An emphasis on online learning through Microsoft Teams only is not sufficient. We all know the state of Internet connectivity issues in our country. It has been a perennial source of frustration and ire for anybody trying to conduct any business remotely for the last 18 months. It has improved in recent years, but it is nowhere near what is required and what we pay for. When we are actually able to connect to our platform, to maintain a stable connection, all participants must turn their cameras off. This severely limits the interaction teachers and students can have. Additionally, the ability to use multimedia presentations or to share our screens is limited by the poor connection. In lieu of an improved internet connection, it is necessary to explore other media and asynchronous forms of content delivery. 

Responsibility and documented accountability

It takes a village to educate our children, and remote learning is no easy task. We are all juggling multiple responsibilities, some of us are working remotely and still trying to take care of our immediate and sometimes extended families. Remote learning is a shared responsibility, and it is essential that all parties fulfil their duty. 


Parents must set the stage for a good home learning environment. They must ensure that students are up, dressed, and ready for class at the appropriate time. Students should ideally be in a distraction-free, low noise environment, using headphones and depending on their age level, under adult supervision. This is especially important for our youngest learners who need someone to sit beside them and support them. However, it is no less important for our adolescents who must be held accountable for their attendance, participation in class, and submission of assigned work. 

Teachers and principals 

SVG is home to some very dedicated and passionate educators who have been working tirelessly to provide some form of instruction to students in the past year, but this level of commitment is needed from all teachers and principals. It has been a challenge trying to reach all our students and to know how best to keep them engaged. Teachers must adapt their instruction to meet the current circumstances. Collaboration among teachers can help those who are more comfortable with online teaching to support those who are less comfortable. Teachers must identify missing students and submit a report on attendance to their principals. Principals must submit a school-wide report on absenteeism to the ministry. They must also engage with parents and ministry officials to track these students and implement structures that ensure students can access and benefit from remote learning. Generally, the relationship between schools and parents is very important. It is even more critical now since the school is depending on parents to help create an appropriate learning environment in the home.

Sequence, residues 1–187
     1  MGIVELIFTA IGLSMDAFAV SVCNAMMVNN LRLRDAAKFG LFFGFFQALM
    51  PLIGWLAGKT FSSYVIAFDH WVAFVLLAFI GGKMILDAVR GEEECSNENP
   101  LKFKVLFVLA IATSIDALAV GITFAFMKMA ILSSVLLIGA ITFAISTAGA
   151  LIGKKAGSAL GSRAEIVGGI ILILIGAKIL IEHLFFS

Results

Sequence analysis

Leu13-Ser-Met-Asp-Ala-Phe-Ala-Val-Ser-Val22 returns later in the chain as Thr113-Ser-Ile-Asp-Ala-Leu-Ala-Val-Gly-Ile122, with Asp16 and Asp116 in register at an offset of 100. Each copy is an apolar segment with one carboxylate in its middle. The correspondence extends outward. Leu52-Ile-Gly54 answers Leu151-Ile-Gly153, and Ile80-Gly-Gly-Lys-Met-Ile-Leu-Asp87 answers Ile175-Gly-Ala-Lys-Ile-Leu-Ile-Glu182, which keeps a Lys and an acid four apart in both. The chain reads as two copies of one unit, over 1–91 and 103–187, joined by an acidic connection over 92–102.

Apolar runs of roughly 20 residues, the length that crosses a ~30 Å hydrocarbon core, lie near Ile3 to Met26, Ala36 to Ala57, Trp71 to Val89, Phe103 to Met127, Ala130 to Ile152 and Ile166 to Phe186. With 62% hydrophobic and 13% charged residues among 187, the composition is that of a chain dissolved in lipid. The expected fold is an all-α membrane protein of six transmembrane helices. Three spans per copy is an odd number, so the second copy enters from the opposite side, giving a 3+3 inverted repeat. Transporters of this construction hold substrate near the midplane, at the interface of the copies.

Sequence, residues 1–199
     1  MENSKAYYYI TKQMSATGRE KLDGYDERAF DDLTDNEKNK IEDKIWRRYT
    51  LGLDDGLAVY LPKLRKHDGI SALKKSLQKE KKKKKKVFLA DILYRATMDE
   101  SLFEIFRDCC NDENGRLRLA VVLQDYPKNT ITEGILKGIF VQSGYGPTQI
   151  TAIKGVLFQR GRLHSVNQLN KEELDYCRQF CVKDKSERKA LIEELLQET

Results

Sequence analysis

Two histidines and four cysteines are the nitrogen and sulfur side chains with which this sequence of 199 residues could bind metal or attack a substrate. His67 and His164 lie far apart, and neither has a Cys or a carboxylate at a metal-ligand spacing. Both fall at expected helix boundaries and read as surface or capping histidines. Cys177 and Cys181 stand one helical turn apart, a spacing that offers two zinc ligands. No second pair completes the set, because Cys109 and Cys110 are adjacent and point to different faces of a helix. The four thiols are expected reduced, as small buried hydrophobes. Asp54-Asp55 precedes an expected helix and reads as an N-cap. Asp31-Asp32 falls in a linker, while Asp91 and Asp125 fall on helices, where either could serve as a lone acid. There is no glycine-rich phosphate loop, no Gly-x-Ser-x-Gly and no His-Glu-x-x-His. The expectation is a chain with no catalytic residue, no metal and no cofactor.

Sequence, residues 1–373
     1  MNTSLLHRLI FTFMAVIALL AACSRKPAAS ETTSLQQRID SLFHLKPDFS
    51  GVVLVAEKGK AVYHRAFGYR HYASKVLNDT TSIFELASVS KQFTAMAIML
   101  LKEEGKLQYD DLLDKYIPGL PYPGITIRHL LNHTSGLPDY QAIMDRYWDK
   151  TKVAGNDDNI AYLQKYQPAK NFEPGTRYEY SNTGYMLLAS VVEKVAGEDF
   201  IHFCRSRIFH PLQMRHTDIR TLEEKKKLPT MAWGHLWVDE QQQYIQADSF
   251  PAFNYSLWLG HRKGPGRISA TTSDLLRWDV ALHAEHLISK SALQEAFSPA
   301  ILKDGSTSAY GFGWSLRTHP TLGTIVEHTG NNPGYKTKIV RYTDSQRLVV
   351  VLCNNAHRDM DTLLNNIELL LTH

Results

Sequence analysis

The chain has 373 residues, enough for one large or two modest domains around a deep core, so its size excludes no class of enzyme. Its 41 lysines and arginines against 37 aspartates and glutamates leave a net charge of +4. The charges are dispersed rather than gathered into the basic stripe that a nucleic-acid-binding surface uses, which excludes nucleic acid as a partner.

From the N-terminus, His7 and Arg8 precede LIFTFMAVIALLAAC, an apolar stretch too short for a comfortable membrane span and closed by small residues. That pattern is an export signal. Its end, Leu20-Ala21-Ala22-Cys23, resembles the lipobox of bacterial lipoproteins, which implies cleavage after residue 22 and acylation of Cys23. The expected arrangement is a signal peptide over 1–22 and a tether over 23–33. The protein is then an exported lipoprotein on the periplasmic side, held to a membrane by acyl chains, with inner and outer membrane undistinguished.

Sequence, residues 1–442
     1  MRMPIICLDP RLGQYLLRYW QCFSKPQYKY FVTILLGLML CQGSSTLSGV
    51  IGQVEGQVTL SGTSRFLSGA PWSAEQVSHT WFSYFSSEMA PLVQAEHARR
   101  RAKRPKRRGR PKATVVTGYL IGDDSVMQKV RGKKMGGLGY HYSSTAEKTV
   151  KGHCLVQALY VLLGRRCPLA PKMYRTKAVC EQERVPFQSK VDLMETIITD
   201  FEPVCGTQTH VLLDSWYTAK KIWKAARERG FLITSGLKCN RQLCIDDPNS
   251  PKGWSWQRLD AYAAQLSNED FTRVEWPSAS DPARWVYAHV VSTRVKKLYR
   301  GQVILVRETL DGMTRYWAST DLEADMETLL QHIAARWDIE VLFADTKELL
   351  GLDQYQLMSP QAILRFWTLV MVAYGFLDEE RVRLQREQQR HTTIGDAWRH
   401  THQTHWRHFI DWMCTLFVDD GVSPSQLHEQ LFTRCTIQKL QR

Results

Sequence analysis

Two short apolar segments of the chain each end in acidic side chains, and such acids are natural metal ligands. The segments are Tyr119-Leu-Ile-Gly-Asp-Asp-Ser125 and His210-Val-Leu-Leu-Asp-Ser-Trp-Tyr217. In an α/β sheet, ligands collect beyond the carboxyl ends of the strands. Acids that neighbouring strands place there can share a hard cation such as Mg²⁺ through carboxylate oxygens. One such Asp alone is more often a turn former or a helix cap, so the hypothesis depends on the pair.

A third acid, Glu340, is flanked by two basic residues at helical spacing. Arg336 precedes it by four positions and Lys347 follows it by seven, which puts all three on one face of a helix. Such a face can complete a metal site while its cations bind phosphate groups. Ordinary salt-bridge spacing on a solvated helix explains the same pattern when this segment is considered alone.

The Ministry of Education 

The ministry of education is charged with the responsibility of providing leadership for and managing the delivery of remote learning. This leadership must be visible beyond the implementation of donor-funded projects. The ministry must set and promote minimum standards for remote learning. These include guidance on an appropriate home learning environment, guidance on the minimum instructional time that students are expected to receive each week, and benchmarks for learning outcomes. In addition to providing guidance and professional development where needed, the ministry must support teachers and principals, ensuring that the necessary structures and resources are available to combat absenteeism and to maintain tablets and any other hardware needed to facilitate remote learning. 

In summary, there is no shortage of guidance on the integration of education technology for remote learning. All of the sources cited here are publicly accessible. There is also no shortage of development partners willing to work with us, to provide funding and often technical guidance. This has always been the case and was even more evident during the eruption of La Soufriere. However, what we are lacking is honest self-reflection on our history with education technology, where we are now, and the political will and leadership to do what is required. 

The opinions presented in this content belong to the author and may not necessarily reflect the perspectives or editorial stance of iWitness News. Opinion pieces can be submitted to [email protected].